whole wheat pancake help
I revived this 1/2 year old thread b/c I recently had one of those happy cooking accidents while trying to make dairy-free pancakes for an allergic niece who was a sleepover guest, and ended up w/ the best pancakes I've ever eaten. Since I don't plan on ever writing a cookbook, I thought I'd share the recipe w/ you folks. I've dubbed them:
SUNSHINE PANCAKES (because of their golden color)
1/3 cup frozen orange juice concentrate
1/4 cup water (This makes thick pancakes. If you like them thinner, use 1/3 cup water.)
2 T raw sugar
2/3 cup whole wheat flour (can substitute 1/2 cup ap flour + 2 T wheat germ)
1/4 cup yellow cornmeal
1/2 t baking soda
1/4 t baking powder
dash of cinnamon (just enough to add depth of flavor w/o actually giving cinnamony taste)
1/4 cup of raisins (opt.)
Preheat a griddle to med-low. Beat the eggs, oj conc., water and sugar in small bowl. Mix remaining dry ingredients together in larger bowl, add egg mixture and mix briefly. (Stir in raisins if desired.) Some remaining lumps is fine.
Drop about 1/3 cup amounts of batter onto greased griddle. Leave until bubbles around the edges of the pancakes don't fill back in (app. 2 min), then flip and cook about another 1-1/2 minute. Makes about six 5-inch diameter pancakes.
One of the things I've done in the past to "lighten" up whole wheat pancakes (which can be dense) is to separate the eggs and whip the egg whites, then fold them in with the rest of the batter. These definitely make the pancakes lighter in texture as 100% whole wheat can get a little dense.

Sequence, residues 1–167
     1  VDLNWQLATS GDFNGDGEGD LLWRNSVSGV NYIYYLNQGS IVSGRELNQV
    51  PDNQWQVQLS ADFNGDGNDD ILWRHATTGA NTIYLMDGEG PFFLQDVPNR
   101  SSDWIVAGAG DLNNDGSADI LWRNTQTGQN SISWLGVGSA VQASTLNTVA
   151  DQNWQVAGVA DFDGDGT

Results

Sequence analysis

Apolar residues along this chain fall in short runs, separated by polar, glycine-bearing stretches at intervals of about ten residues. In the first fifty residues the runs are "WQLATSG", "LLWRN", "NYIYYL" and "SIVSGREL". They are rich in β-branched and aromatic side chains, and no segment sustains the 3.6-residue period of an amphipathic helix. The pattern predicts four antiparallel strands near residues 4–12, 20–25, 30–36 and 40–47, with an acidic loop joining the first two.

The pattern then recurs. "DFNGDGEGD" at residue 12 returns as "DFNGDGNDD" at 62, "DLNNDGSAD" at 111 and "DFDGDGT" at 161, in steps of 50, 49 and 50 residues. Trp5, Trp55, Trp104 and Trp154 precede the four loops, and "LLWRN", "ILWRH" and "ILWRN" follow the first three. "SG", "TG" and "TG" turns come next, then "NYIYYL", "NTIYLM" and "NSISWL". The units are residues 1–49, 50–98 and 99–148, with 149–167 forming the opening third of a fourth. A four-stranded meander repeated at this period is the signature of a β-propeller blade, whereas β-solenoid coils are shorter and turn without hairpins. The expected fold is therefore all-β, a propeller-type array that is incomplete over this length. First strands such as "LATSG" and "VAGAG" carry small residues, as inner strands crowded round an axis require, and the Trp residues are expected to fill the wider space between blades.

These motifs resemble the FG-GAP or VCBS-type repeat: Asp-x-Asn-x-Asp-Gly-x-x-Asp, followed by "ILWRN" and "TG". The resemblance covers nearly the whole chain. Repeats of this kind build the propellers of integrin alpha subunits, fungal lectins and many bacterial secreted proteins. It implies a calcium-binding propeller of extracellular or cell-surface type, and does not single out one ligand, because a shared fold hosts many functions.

What kind of WW flour? Fresh-milled or store-bought? Made with hard (winter) wheat or soft (summer) wheat?
It makes a BIG difference with the percentages. I find that with fresh-milled soft wheat I can use 100% WW flour in a recipe, but have to use AP flour to lighten it if it's fresh-milled hard wheat or store-bought.
I really don't know. My wife buys it in bulk and it's pretty light so I suspect it's soft summer wheat but can't swear to that. All I can tell you is that, in that recipe, I don't get the hockey pucks that most other whole wheat formulas I've used produce.
Pick up 1/3 cup of each variety at the bulk counter and try them. It'll be pretty clear which one works the best.
Here's one that makes about half a dozen nice pancakes.
2/3 cup AP flour
1/3 cup WW flour
2 Tbsp sugar
2 tsp. BP
1/4 tsp salt
1 egg (beaten)
2/3 cup whole milk
2 Tbsp melted butter
Whisk together all dry ingredients.
Combine all wet ingredients, then add to the dry ingredients and stir until well combined but still shows evidence of small lumps.
All to rest five minutes, stir gently.
Cook on a hot, lightly oiled, griddle using the "dry edges, breaking bubbles formula" to determine when to turn. Remember to "turn" the pancakes, don't pick them up and drop them abruptly onto the griddle.
You can add bits of fruit, nuts, etc. just before turning. We like to finish them ungarnished and roll them with fruit fillings. Adding blueberries, nuts and similar ingredients works fairly well but bananas contain a lot of oil so if theire added as a filling to the rolled up pancake they work better.